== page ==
ATMOSPHERE ■__THE WEATHER NEAR THE GROUND
Wherever the wind blows, some of its energy is dissipated— converted to entropy—by the shearing of air against air; this happens at all elevations. The losses are far greater in the lowermost layer, however, because of friction with the surface—the drag of moving air as it passes across land or water. Drag also affects the direction of the wind, making atmospheric circulation far more complicated than it is aloft.
A number of other factors, too, have a stronger effect at low elevations than at high ones: the air temperature often varies greatly over small distances in response to the temperature at the surface, which may be a sunbaked desert, a cool forest, a cold lake, or the sea. Hills and mountains deflect the wind, funneling it through narrow valleys or forcing it up over high ridges. And there is more water vapor in the air at low elevations; most of the water vapor in the atmosphere is in the lowermost five kilometers.1
Daily fluctuations in air temperature are most pronounced in the layer heated directly by the surface. The air in the first few centimeters above the ground is heated by conduction, that is, by energy exchanges brought about by collisions between molecules of the air and of the ground. The warmed air becomes less dense and rises, conveying heat upward by convection. The layer warmed by conduction plus convection is seldom more than a few hundred meters thick. Air temperature at a greater height is not influenced by local surface temperature; it is controlled by more distant causes—the movement of air masses, and radiation from the sun and the ground.
The temperature of the air beyond the reach of surface effects is slow to react to changes in incoming radiation: it has high thermal inertia. The inertia is such that air temperature is scarcely affected by the daily variation of incoming sunlight caused by the earth's rotation.2 Unless a new air mass invades an area, heralded by the arrival of a warm or cold front (the boundary between two air masses), daytime and nighttime air temperatures at a site do not differ significantly.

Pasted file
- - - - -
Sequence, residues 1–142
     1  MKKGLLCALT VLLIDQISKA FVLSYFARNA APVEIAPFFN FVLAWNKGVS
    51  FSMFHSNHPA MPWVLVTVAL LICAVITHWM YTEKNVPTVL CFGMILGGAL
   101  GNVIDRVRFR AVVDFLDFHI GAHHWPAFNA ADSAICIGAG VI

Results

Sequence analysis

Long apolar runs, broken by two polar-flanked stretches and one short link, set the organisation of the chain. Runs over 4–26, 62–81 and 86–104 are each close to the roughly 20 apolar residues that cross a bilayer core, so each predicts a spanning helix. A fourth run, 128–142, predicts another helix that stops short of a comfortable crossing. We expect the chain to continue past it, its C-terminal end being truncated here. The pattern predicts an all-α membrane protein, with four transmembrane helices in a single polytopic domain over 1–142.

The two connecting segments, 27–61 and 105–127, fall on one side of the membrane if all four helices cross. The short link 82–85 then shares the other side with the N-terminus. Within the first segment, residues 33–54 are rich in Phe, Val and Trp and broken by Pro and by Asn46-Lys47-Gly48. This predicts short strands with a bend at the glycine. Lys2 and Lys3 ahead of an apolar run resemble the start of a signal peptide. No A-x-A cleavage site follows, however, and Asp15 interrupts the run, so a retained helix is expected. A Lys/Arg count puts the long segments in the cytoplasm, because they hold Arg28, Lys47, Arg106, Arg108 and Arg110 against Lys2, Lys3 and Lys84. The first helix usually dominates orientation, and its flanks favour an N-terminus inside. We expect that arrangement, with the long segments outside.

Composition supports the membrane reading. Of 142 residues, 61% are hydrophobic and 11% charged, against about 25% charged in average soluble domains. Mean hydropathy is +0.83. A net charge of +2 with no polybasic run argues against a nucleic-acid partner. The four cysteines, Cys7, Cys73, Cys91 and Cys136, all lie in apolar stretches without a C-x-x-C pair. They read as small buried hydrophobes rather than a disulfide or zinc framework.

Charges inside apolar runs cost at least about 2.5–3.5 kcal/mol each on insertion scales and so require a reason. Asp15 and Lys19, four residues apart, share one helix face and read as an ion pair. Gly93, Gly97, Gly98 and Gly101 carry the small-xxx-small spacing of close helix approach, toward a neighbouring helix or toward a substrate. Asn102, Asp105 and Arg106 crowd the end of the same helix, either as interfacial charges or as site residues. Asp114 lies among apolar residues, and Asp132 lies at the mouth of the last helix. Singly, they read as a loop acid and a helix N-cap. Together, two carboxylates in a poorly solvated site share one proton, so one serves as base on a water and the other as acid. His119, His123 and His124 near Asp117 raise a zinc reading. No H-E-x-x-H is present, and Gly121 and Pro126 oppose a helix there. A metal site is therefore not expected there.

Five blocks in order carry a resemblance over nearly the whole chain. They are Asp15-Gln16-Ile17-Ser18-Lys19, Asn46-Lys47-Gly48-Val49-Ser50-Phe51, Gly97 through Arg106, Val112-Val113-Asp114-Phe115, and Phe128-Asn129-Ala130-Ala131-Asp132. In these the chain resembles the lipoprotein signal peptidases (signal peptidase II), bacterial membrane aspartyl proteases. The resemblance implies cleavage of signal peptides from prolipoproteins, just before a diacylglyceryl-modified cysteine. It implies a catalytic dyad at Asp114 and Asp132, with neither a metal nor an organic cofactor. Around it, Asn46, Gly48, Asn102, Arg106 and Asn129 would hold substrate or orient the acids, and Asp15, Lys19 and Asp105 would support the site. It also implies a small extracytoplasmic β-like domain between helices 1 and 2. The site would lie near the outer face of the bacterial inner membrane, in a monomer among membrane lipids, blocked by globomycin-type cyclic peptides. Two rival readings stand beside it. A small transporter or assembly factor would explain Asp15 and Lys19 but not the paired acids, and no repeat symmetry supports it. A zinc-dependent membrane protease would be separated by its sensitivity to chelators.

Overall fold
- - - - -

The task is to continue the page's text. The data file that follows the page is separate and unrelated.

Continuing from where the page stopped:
At first thought this is surprising: think of the chill of early morning in summer, just before sunrise while the grass is still drenched with dew. The chill affects only the air nearest the ground, however; you can perceive the marked temperature difference simply by noting that your face is warm while your feet feel frozen. The air temperature a mere hundred meters up may be the same as it was at sunset the previous evening.
In sum, conditions near the surface are much more variable, both spatially and temporally, than those higher up. Temperature, pressure, and humidity often change abruptly over short distances—in a word, energy becomes concentrated in confined areas—and changeable weather is the result.
The amount of heat stored in the atmosphere at any one time is about 1.3 x 1024 J (joules).3 Were it not for the constant movement of the air, this vast quantity of energy would be much less evenly distributed than it is. The energy itself makes the air move; that is, it causes the winds. As we saw in chapter 4, the total power of incoming solar radiation averages 340 W m-2; of this
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